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Morocco turns on what will become the world’s largest solar power plant

Fadel Senna/Getty Images

Morocco has turned on its massive solar power plant in the town of Ourrzazate, on the edge of the Saharan desert. The plant already spans thousands of acres and is capable of generating up to 160 megawatts of power. It's already one of the biggest solar power grids in the world, capable of being seen from space. And it's only going to get bigger.

The current grid, called Noor I, is just the first phase of a planned project to bring renewable energy to millions living in Morocco. It will soon be followed by expansions, Noor II and Noor III, that will add even more mirrors to the existing plant. Once the project is complete around 2018, the entire grid will cover 6,000 acres. It will be capable of generating up to 580 megawatts of power, comparable to that of a small nuclear reactor.

It's just the first phase of a planned project to bring renewable energy to millions

Right now, the solar farm is made up of 500,000 curved mirrors, each standing at about 40 feet tall. These mirrors concentrate the sun's light onto a pipeline filled with fluid, heating it up to 739 degrees Fahrenheit. This fluid is used to heat up a nearby source of water, which turns to steam and spins turbines to create energy. Morocco gets about 3,000 hours of sunlight per year, so there will be plenty of solar energy to harness. But the plant can also keep generating power at night. "The heat from the fluid can be stored in a tank of molten salts," NASA writes.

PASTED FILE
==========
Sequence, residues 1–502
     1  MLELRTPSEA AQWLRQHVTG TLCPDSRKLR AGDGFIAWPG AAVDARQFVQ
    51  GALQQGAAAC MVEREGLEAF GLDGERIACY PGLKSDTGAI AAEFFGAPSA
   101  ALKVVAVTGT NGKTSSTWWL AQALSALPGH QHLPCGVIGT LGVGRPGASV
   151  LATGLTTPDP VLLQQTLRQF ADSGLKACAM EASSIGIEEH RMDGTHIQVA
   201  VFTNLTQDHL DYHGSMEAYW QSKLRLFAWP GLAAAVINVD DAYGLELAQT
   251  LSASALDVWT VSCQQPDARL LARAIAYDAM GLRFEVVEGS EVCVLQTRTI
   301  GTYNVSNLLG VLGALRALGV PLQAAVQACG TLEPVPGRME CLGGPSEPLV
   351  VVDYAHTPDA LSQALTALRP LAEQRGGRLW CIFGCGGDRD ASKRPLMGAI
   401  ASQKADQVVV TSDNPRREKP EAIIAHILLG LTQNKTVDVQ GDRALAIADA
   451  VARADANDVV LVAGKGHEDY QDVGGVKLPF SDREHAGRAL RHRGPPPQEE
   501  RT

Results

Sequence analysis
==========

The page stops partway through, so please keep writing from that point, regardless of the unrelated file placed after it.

Currently, Noor I can provide solar power to 650,000 locals from dawn until three hours past sunset, according to The Guardian. The finished plant will provide power for 20 hours a day. It's all part of Morocco's plan to get up to 42 percent of its power from renewable energies at home, such as solar, wind, and hydropower. Right now, the country is dependent on imports for 97 percent of its energy consumption. The new plant could lessen that dependence while saving Morocco millions of tons in carbon emissions.

A view of Noor I from space. (NASA)